The Bombay High Court expressed the same view in Pokhraj Hirachand v. Commissioner of Income-tax. A Special Bench of Madras High Court in S. Chenniappa Mudaliar v. Commissioner of Income-tax has said that the order of the Appellate Tribunal should be co-related to the actual subject-matter in controversy; a dismissal for default of appearance has nothing to do with the matter in controversy; it merely puts an end to the appeal; and such a method of disposal cannot be said to be in accordance with section 33(4).
Let us now refer to decisions of our court. In Kannan Devan Hills Produce Co. Ltd. v. Commissioner of Wealth-tax, this court had to deal with the provisions of section 24(5) of the Wealth-tax Act, 1957, which were the same as those in section 33(4) of the Indian Income-tax Act, 1922. This court followed the decisions of the Bombay High Court in New India Life Assurance Co.s case and in Lajwanti Sials case and said that it was not given to the Commissioner of Income-tax to try to expand the scope of the appeal by application made at the time of hearing of the appeal. This court affirmed the same view in Union Coal Co. Ltd. v. Commissioner of Income-tax.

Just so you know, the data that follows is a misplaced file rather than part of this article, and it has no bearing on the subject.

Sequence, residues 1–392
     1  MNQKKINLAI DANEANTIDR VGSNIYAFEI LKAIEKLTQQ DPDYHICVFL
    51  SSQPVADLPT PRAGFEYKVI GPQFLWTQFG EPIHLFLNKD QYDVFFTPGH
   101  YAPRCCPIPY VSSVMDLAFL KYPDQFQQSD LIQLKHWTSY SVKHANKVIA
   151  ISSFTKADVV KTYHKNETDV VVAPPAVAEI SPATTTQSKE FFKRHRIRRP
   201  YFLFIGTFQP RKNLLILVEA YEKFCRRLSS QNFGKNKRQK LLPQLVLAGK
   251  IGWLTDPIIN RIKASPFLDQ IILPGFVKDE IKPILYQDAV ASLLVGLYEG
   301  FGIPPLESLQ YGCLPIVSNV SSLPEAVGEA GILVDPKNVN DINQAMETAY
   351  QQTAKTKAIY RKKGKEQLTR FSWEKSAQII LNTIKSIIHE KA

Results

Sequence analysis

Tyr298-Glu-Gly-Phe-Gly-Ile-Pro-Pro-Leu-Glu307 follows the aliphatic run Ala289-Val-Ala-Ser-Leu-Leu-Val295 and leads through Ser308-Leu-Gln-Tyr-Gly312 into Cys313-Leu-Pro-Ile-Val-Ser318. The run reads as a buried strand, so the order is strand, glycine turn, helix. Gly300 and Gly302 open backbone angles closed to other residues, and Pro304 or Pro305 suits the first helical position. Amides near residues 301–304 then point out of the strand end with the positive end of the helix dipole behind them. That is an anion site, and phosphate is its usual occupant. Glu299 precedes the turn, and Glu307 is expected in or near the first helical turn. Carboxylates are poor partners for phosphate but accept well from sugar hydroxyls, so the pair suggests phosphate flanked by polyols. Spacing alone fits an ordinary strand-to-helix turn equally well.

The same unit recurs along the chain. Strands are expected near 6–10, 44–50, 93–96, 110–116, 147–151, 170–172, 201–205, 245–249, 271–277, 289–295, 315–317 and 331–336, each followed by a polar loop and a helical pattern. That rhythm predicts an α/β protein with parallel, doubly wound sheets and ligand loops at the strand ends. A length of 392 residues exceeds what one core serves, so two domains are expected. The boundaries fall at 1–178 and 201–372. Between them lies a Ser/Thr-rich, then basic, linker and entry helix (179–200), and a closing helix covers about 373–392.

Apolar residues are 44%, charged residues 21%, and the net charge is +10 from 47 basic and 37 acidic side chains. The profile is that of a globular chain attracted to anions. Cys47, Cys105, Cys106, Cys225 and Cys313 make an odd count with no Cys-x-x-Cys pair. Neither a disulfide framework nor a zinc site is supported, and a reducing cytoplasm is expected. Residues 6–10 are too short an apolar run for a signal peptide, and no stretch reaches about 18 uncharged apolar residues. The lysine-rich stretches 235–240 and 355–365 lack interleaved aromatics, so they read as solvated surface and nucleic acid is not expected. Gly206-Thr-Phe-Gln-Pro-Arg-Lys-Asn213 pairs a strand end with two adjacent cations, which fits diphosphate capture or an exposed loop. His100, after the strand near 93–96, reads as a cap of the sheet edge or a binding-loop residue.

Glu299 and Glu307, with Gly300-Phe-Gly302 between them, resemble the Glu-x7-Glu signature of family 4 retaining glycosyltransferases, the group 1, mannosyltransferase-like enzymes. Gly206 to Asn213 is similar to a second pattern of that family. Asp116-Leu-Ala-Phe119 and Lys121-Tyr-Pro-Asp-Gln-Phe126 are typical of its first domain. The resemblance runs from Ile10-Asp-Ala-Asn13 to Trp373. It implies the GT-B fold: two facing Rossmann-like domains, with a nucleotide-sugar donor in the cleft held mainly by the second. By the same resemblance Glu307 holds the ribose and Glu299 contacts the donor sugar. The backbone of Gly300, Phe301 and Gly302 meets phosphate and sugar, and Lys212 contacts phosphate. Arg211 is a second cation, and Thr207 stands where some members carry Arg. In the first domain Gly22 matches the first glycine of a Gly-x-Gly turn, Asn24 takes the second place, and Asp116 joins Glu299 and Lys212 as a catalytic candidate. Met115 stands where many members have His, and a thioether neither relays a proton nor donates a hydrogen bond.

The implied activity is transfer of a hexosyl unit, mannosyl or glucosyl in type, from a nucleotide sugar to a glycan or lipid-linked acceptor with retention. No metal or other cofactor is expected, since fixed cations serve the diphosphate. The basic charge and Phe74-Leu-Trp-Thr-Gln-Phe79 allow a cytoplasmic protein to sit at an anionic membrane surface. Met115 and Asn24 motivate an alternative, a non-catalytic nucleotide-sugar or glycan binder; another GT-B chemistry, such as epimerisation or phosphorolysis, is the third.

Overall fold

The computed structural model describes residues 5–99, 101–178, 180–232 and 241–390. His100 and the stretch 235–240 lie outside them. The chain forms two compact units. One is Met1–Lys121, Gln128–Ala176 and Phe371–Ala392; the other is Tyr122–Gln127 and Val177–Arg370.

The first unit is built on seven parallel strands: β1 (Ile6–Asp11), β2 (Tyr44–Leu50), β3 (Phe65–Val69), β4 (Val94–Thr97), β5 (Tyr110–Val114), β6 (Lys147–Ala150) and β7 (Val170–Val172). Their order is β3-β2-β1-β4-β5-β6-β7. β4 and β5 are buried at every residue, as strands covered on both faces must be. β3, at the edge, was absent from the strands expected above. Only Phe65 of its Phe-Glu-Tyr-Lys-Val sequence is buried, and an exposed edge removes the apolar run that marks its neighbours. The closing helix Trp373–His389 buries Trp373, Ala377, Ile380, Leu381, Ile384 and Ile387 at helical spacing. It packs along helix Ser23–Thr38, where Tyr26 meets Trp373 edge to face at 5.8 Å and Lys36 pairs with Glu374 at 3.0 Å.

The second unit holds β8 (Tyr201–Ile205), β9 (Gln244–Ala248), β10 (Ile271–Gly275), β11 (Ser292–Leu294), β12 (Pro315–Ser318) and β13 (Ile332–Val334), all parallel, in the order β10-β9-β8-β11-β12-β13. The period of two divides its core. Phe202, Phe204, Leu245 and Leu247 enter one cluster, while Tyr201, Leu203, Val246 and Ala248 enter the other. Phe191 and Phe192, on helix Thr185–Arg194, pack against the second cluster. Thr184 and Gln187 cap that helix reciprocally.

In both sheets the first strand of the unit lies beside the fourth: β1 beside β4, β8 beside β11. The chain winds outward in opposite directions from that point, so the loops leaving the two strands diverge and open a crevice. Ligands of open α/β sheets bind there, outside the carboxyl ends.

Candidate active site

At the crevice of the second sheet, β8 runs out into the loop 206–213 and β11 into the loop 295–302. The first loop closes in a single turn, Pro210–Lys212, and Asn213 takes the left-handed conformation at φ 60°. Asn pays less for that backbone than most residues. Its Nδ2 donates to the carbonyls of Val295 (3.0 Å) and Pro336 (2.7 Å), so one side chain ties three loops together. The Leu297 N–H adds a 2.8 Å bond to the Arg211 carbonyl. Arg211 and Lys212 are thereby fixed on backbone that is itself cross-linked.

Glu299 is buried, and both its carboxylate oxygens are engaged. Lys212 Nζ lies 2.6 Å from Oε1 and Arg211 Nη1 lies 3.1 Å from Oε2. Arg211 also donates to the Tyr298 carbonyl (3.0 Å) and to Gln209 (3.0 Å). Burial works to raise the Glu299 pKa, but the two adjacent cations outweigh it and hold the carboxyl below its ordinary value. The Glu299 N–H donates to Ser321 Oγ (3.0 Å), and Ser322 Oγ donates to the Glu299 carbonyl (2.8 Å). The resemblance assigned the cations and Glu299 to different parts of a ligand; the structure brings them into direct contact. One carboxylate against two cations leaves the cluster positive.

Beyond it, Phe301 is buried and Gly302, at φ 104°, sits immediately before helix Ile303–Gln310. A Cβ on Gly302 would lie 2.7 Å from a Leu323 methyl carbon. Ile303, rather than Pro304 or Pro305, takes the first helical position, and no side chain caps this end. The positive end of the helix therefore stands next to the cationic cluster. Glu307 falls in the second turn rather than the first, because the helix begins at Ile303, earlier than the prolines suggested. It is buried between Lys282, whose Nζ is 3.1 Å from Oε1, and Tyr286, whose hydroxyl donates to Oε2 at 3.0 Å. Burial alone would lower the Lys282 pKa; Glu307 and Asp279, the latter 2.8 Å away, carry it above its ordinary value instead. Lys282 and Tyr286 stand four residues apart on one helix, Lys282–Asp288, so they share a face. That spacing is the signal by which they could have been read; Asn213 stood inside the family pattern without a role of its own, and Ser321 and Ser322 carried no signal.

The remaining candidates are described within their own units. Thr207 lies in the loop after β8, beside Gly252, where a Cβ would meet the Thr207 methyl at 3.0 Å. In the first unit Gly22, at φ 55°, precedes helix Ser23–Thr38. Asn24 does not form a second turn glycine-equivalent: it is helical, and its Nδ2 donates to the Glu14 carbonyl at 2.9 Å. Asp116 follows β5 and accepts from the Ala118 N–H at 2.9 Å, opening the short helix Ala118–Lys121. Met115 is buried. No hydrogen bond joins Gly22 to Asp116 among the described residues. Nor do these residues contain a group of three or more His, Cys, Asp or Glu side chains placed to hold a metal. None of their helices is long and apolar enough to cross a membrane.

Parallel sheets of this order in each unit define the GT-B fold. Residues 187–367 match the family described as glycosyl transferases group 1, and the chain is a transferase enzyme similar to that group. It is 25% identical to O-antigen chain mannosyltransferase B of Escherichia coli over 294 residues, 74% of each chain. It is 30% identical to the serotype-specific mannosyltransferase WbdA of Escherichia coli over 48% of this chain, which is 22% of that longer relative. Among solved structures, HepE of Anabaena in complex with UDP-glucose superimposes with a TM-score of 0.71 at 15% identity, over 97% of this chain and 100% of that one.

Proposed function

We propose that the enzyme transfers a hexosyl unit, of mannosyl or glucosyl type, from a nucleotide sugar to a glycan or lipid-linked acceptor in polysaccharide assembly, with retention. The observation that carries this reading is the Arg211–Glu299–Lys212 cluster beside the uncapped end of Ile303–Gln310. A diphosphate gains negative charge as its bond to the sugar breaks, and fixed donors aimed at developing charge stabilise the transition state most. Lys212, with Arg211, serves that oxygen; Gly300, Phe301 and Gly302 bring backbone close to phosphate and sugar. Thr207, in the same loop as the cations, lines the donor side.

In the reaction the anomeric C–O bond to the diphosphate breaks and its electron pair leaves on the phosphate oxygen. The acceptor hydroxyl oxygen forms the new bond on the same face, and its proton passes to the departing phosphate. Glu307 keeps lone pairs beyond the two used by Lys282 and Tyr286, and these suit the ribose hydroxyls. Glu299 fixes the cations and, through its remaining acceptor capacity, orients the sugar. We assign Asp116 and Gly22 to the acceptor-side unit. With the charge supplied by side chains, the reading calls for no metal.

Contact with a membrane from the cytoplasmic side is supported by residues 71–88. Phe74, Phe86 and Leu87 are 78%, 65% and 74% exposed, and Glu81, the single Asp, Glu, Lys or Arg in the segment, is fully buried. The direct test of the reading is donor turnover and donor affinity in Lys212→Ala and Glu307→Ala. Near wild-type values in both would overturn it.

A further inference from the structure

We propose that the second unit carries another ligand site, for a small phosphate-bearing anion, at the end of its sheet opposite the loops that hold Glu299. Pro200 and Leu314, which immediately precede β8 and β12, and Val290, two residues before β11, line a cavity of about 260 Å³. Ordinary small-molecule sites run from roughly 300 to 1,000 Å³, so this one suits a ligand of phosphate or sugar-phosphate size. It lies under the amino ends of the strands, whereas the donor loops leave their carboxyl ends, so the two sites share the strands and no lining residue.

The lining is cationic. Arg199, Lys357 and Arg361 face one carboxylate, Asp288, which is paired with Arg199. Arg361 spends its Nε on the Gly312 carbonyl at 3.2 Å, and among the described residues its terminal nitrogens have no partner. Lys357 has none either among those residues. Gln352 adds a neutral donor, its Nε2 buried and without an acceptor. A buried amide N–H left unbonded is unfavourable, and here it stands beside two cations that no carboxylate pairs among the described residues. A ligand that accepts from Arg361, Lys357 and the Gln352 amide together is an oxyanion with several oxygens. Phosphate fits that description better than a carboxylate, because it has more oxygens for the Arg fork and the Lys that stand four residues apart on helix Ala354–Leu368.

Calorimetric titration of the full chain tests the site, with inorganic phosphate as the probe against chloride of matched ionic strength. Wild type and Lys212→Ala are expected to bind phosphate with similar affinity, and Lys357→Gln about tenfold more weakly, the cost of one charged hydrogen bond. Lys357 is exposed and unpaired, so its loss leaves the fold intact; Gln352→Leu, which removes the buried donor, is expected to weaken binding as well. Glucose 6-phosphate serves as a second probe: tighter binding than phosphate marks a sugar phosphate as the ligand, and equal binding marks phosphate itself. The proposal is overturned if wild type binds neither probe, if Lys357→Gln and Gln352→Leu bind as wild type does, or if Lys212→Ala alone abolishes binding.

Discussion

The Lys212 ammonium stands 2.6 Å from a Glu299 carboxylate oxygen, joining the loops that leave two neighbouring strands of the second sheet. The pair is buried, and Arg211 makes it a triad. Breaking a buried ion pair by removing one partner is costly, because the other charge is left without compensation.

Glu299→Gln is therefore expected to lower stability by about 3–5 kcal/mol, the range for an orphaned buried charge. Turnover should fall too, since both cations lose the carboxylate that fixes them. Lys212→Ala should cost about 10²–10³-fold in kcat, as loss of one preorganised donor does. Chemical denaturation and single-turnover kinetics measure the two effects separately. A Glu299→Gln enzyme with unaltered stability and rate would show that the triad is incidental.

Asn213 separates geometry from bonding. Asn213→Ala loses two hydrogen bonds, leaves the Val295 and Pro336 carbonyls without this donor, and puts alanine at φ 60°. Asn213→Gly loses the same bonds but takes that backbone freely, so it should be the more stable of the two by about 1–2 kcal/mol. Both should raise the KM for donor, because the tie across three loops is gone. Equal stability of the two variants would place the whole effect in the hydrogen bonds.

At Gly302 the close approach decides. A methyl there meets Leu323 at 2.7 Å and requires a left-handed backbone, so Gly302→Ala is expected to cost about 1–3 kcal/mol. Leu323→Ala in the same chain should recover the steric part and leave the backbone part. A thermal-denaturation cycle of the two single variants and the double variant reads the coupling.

The above decisions of the different High Courts in India establish beyond doubt that the word 'thereon' in section 33(4) is restricted to the subject-matter of the appeal before the Tribunal and subject-matter of the appeal consists of the memorandum or grounds of appeal, the additional grounds, if any, allowed by the Tribunal, and the grounds, if any, urged by or on behalf of the respondent, to support the order under appeal. If the Tribunal, therefore, does not allow a particular ground to be urged that ground can never be included in or considered to be part of the subject-matter of the appeal.
In the instant case the applicant wanted to raise a few additional grounds and made a formal application to the Tribunal for that purpose. The Tribunal has rejected the application and the additional grounds mentioned therein remained outside the purview of the subject-matter of the appeal. It is not disputed by any of the parties to this reference that an application under section 66 of the Act of 1922 can be made only with respect to a question of law arising out of the Tribunals order under section 33(4). Since the additional grounds did not form part of the subject-matter of the appeal, the Tribunals order refusing to entertain them was not, in our view, an order made under section 33(4) at all and, as such no reference to this court against that order was permissible.